SC: Gov’t can take over private oil firms during emergency

The Supreme Court (SC) has affirmed the validity of a law enacted in 1998 allowing the government to take control of private entities engaged in the oil industry during emergencies, as directed by the President.

In its 37-page decision published online Tuesday, the SC reversed a 2013 Court of Appeals (CA) decision and said the Department of Energy (DOE) has this authority under Section 14 (e) of Republic Act 8479, also known as the Downstream Oil Industry Deregulation Act of 1998.

The provision empowers the DOE to temporarily oversee or direct the operations of private corporations within the oil industry under certain circumstances.

The SC pointed out the President’s prerogative to determine national emergencies and the propriety of delegating authority to the DOE.

Citing Article XII, Section 17 of the constitution, which allows for the takeover of privately owned businesses with public interest by the President, the court recognizes the legal foundation for such actions.

The dispute involved Pilipinas Shell and Petroleum Corporation (Shell), which contested the validity of Executive Order 839 issued by President Gloria Macapagal Arroyo in 2009.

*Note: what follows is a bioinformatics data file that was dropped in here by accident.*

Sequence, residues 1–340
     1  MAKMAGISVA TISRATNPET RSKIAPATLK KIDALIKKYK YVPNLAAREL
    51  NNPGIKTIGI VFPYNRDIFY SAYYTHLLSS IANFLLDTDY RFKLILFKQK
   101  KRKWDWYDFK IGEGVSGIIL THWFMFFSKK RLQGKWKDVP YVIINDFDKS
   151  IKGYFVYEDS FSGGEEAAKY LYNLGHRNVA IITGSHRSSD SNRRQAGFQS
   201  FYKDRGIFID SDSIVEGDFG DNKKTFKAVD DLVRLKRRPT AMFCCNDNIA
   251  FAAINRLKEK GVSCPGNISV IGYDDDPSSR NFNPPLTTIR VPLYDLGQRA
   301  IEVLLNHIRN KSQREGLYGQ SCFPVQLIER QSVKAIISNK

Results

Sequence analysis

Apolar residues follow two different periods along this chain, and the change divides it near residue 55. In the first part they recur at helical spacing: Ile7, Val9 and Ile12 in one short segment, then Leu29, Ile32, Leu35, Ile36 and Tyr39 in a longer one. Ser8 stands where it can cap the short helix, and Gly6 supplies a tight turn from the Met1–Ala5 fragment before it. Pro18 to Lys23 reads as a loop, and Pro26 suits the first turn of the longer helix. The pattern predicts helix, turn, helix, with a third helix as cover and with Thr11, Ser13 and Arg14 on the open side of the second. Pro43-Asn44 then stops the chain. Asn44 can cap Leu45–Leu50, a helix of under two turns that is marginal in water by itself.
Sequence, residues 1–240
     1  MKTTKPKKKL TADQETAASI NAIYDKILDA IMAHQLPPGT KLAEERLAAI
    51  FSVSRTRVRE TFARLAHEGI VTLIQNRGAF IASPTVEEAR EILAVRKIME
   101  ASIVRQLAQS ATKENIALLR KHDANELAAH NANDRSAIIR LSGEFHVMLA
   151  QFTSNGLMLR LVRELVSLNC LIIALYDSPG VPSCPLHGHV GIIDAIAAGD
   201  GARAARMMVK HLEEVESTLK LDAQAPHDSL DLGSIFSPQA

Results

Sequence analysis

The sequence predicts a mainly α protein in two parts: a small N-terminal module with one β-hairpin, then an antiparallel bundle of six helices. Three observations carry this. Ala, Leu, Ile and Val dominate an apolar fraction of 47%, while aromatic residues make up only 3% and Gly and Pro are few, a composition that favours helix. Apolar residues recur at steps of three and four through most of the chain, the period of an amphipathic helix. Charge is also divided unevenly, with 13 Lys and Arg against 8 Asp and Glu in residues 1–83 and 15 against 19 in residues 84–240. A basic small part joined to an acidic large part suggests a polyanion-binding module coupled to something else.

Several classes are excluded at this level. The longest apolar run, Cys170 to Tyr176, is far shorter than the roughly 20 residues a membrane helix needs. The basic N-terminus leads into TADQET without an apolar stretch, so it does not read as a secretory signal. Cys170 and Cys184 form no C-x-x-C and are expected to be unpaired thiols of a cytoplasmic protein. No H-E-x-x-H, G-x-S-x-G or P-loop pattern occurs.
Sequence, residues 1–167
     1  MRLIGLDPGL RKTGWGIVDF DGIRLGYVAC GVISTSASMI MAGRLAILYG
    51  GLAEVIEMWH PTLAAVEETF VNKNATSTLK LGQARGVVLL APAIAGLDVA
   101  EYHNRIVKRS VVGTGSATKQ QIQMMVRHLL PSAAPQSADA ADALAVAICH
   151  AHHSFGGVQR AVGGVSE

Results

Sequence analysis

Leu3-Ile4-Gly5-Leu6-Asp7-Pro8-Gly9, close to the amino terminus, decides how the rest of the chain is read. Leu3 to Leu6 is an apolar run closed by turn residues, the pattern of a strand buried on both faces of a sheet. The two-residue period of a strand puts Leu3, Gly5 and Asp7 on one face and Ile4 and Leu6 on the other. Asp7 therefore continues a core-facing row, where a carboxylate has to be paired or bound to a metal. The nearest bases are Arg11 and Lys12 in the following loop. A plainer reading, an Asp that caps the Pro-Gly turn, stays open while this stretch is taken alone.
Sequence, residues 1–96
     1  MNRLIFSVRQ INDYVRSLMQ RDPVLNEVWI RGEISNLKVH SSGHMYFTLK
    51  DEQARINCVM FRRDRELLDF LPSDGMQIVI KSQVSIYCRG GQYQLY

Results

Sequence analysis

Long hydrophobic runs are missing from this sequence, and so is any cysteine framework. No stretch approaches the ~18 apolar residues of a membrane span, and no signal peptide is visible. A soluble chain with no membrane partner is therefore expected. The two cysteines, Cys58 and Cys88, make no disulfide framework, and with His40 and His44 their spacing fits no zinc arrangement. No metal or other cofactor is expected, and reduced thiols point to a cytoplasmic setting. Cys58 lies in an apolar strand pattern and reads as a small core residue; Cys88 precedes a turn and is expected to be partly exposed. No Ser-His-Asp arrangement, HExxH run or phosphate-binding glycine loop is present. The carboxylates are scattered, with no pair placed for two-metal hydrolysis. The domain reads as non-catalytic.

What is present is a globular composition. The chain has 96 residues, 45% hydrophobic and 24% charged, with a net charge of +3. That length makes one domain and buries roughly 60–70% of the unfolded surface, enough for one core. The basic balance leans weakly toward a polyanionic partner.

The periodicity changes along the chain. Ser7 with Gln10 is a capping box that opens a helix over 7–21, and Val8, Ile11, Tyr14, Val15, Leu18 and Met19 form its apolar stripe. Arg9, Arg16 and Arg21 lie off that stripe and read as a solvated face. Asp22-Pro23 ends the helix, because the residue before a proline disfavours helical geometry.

The assailed EO mandated oil industry players to maintain petroleum product prices after tropical cyclones “Ondoy” and “Pepeng” wreaked havoc, resulting in damage to agriculture, properties and deaths.

The EO stated that Luzon was in a state of extreme emergency, “necessitating effective control and/or management of prices of basic goods and petroleum products by the Department of Trade and Industry and the Department of Energy, respectively, in accordance with the relevant laws of the land for the duration of this emergency.”

Shell questioned the constitutionality of Section 14 (e) of the Oil Deregulation Law, which formed the basis for EO 839.

The Makati Regional Trial Court sided with Shell, declaring Section 14 (e) void, but did not rule on the validity of EO 839 due to subsequent actions by the government.

The petitioners appealed to the CA, which upheld the decision regarding Section 14 (e) but still did not address the EO, rendered moot by the issuance of EO 845 which lifted its mandates and discontinued oil price controls. (PNA)